Voting has gotten a little tamer since the days of James Madison, when candidates were expected to provide casks of whiskey to entice citizens to vote for them.  In the era of Jackson it was not unusual for fist fights to break out between those supporting “Old Hickory” and those decrying the rule of “mobocracy[1]

We have endured a heated debate regarding the future of our nation; with some believing that reelecting the incumbent will be the ruination of our republic; and with others believing that the election of the challenger shall allow business to run roughshod over the interest of the citizenry.

I doubt the dire predictions of either side are valid.  But then again I have been accused of being terminally moderate in my temperament and outlook.

What I do know is that regardless of who an American citizen supported they did so out of sincere belief that their candidate was the best for the nation.  I also know that regardless of who someone supported they are not the devil incarnate, a communist’s sympathizer, or even a racists.  They are good Americans exercising their rights as citizens.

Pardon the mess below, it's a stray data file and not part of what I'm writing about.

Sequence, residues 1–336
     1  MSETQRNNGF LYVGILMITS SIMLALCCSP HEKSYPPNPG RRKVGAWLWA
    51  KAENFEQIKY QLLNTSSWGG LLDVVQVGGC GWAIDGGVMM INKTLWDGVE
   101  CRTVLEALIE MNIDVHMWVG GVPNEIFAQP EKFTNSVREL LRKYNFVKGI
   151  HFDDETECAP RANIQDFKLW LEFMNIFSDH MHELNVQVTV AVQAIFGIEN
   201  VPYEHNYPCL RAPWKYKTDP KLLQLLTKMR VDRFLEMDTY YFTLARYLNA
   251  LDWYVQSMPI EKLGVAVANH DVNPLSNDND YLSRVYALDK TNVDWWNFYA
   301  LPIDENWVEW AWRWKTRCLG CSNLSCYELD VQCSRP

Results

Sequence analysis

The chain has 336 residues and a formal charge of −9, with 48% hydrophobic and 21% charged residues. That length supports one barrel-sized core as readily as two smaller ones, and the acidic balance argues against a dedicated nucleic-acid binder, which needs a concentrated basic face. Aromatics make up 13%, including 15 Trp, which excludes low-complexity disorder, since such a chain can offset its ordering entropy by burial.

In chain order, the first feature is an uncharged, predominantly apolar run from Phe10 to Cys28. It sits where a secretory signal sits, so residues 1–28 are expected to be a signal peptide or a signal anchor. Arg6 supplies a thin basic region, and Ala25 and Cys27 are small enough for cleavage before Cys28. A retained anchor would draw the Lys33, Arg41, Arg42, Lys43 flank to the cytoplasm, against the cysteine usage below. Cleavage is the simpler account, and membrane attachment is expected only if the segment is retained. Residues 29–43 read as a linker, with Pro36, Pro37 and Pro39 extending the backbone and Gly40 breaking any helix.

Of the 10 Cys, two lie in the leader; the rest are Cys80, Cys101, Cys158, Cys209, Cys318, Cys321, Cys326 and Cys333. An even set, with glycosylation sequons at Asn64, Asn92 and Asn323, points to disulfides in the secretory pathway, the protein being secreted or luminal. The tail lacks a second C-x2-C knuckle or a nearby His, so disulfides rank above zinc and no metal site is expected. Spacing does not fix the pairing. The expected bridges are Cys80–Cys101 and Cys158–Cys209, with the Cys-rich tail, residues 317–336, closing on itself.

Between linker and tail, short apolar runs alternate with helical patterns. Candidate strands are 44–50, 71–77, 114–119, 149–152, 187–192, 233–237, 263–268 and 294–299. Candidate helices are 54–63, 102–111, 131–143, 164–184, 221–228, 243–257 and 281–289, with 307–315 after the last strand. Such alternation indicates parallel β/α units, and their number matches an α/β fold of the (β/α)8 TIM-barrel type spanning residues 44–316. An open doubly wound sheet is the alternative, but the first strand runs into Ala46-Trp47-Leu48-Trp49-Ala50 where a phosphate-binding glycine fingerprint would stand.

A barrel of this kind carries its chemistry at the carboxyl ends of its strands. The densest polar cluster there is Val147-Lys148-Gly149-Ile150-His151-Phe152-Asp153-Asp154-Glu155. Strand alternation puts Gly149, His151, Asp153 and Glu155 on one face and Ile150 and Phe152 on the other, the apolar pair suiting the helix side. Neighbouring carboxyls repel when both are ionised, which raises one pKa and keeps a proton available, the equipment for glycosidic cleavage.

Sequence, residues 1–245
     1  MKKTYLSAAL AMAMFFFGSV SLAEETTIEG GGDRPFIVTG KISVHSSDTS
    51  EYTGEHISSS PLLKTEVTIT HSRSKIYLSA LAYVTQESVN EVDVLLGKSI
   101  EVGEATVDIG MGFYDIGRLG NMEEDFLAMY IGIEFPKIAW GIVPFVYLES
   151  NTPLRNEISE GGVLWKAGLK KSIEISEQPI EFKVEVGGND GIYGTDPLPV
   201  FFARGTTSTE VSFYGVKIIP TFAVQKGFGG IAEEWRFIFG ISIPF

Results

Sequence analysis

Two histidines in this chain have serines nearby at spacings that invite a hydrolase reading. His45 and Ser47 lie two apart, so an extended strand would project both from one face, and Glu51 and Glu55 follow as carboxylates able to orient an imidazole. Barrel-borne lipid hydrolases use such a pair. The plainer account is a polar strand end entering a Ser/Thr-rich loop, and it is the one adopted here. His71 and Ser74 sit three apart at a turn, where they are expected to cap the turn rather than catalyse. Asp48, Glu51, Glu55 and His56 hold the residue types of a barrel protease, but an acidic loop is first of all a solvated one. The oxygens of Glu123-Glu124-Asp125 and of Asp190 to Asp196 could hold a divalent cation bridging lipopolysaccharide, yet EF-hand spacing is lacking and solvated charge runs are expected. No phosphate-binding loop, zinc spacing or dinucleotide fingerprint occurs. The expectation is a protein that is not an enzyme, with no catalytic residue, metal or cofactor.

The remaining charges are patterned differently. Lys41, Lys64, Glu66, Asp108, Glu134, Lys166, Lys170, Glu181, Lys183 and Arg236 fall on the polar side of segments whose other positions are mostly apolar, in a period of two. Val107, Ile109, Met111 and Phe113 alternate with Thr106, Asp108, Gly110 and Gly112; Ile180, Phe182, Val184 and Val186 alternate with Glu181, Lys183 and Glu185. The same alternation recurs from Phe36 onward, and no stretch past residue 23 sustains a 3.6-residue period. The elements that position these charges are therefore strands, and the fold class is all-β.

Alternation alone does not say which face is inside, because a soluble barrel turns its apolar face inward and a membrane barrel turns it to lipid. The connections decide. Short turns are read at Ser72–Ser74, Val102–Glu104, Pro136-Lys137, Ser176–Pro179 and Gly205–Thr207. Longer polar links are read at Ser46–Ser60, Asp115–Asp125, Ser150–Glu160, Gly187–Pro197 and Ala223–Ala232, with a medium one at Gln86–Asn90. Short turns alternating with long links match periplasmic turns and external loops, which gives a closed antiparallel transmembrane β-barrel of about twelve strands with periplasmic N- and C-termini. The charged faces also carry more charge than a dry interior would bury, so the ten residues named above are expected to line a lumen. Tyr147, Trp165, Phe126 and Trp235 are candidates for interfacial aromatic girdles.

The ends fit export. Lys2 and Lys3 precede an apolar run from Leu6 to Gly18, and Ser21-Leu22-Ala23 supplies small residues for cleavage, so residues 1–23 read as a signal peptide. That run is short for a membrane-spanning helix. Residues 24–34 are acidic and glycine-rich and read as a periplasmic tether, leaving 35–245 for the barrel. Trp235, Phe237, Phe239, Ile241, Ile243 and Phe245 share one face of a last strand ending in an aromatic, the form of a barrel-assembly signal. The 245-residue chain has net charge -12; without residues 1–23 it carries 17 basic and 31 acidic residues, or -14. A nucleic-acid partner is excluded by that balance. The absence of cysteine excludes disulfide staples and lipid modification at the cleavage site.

We need to remember this, as we get past this election season, that those on the other side are still our brothers and sisters, friends, neighbors and colleagues.  We should respect them for being good citizens and taking a position on issue of importance to our nation, for this is makes our republic work, the respect for our fellow citizens and their choices.

While candidates may not buy votes with whiskey,[2] or engage in fist fights, our elections today engender just as much passion as in the past.  But let us not allow our passions to get in the way of us working together as a community seeking what is best for our republic.

[1]  See, http://dictionary.reference.com/browse/mobocracy mob·oc·ra·cy [mob-ok-ruh-see] noun, plural mob·oc·ra·cies.1. political control by a mob. 2. the mob  as a ruling class.

[2] Except perhaps in Chicago.

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